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A Climate of Our Own Making
A Climate of Our Own Making
WASHINGTON: In the history of diplomacy, probably no international negotiation has received as much attention, and achieved as little, as the climate-change negotiations. Atmospheric concentrations of greenhouse gases have risen every year since negotiations began more than 15 years ago. They will go on rising even as the Kyoto Protocol is implemented. A new approach to negotiation is needed, but governments must also confront the reality of climate change. It is unlikely that concentrations will stabilize within the next several decades. Other kinds of international response are required.
The physics of climate change are simple. Gases that occur naturally in the atmosphere – primarily carbon dioxide and water vapor – trap the sun’s heat, mostly as it radiates back from the Earth, keeping the planet about 34° C warmer than it otherwise would be. This is the natural greenhouse effect. Human activity, at least since the industrial age, but probably since the invention of settled agriculture, has added to this concentration of gases. At the start of the industrial revolution, concentrations were about 280 parts per million (ppm). Today, they are around 380 ppm and will continue rising in the future.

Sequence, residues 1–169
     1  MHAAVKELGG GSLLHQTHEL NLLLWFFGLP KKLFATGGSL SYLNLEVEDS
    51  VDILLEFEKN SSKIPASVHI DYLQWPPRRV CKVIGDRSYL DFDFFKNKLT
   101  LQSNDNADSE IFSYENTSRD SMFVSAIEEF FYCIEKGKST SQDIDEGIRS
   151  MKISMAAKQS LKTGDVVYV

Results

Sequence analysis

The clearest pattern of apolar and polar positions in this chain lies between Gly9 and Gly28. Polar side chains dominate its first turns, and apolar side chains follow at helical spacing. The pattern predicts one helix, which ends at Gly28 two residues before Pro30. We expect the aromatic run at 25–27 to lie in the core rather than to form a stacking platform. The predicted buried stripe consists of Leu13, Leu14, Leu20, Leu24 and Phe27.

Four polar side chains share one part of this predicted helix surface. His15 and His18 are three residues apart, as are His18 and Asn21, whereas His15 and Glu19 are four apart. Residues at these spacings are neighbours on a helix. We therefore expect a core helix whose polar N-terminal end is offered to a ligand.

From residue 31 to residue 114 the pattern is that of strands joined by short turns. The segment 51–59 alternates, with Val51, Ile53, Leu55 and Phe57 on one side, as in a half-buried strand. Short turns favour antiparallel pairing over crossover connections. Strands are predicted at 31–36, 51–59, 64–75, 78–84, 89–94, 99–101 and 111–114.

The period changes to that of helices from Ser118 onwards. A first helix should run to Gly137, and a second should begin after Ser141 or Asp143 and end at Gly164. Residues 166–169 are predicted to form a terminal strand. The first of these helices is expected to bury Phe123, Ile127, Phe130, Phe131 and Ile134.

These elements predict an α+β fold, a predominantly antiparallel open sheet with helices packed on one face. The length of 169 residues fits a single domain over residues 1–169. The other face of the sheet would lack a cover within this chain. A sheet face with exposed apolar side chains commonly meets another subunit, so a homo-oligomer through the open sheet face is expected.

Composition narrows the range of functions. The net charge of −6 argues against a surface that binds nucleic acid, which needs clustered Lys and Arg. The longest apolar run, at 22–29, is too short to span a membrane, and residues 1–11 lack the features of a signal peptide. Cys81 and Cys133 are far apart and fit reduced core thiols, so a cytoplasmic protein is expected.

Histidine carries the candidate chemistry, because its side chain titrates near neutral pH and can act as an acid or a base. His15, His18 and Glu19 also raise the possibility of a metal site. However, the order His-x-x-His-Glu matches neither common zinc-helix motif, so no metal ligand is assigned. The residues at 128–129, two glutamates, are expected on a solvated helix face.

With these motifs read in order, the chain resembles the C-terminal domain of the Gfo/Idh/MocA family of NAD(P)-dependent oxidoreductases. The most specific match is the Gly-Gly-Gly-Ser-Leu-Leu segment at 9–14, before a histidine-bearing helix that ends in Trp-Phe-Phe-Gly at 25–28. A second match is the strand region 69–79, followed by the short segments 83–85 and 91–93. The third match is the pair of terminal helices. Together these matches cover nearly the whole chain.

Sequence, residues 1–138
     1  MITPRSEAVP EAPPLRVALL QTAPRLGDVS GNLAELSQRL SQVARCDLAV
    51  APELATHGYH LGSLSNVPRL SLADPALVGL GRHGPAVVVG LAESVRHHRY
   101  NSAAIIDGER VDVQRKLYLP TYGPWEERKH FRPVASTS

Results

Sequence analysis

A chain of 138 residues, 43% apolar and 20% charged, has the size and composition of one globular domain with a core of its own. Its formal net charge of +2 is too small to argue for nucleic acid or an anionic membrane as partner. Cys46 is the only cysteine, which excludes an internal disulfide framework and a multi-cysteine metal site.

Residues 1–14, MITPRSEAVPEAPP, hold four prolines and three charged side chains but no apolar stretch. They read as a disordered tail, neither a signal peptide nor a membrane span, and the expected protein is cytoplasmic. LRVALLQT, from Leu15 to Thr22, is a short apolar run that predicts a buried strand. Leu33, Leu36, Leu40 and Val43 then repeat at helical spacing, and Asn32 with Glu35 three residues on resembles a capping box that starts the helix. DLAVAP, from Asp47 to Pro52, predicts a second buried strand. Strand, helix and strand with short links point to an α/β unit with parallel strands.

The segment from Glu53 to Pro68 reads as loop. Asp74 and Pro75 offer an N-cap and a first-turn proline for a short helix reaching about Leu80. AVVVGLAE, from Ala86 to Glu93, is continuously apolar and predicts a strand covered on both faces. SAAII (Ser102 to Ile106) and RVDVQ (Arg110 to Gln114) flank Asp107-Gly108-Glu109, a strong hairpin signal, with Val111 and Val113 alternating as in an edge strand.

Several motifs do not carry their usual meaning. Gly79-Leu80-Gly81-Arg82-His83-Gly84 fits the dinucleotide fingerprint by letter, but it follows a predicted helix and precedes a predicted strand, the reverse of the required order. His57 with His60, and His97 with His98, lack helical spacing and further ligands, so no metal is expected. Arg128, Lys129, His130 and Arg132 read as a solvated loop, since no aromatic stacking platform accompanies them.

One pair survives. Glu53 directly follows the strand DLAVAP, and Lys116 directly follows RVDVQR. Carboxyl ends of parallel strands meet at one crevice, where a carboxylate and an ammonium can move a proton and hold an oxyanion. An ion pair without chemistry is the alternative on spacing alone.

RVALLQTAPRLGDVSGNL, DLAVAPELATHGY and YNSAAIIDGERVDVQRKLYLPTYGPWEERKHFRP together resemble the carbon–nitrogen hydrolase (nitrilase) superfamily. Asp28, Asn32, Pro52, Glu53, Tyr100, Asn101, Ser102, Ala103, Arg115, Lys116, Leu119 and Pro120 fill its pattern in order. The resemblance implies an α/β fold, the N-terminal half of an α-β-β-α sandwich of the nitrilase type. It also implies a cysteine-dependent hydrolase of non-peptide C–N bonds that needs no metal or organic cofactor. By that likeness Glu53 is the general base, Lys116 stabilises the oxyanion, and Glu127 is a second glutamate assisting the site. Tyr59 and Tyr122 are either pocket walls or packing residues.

Higher concentrations are sure to warm the climate, but predicting climate change is difficult because of other changes, such as the Earth’s orbit about the sun. More maddeningly for climate modelers, rising concentrations may trigger other less predictable changes. One possibility is a weakening or even collapse of the Gulf Stream. Abrupt climate change has occurred in the past, and human activities could trigger more abrupt change.
Global mean temperature has increased about 0.6°C over the last century, but even if concentrations were stabilized today, the temperature would continue to rise because of a delayed thermal response. By 2100, mean global temperature is expected to rise by1.4 to 5.8 °C and sea level by 0.09 to 0.88 meters over this same period, as a result of thermal expansion and the melting of glaciers and ice caps. Of course, if concentrations continue unchecked, the climate will change still more.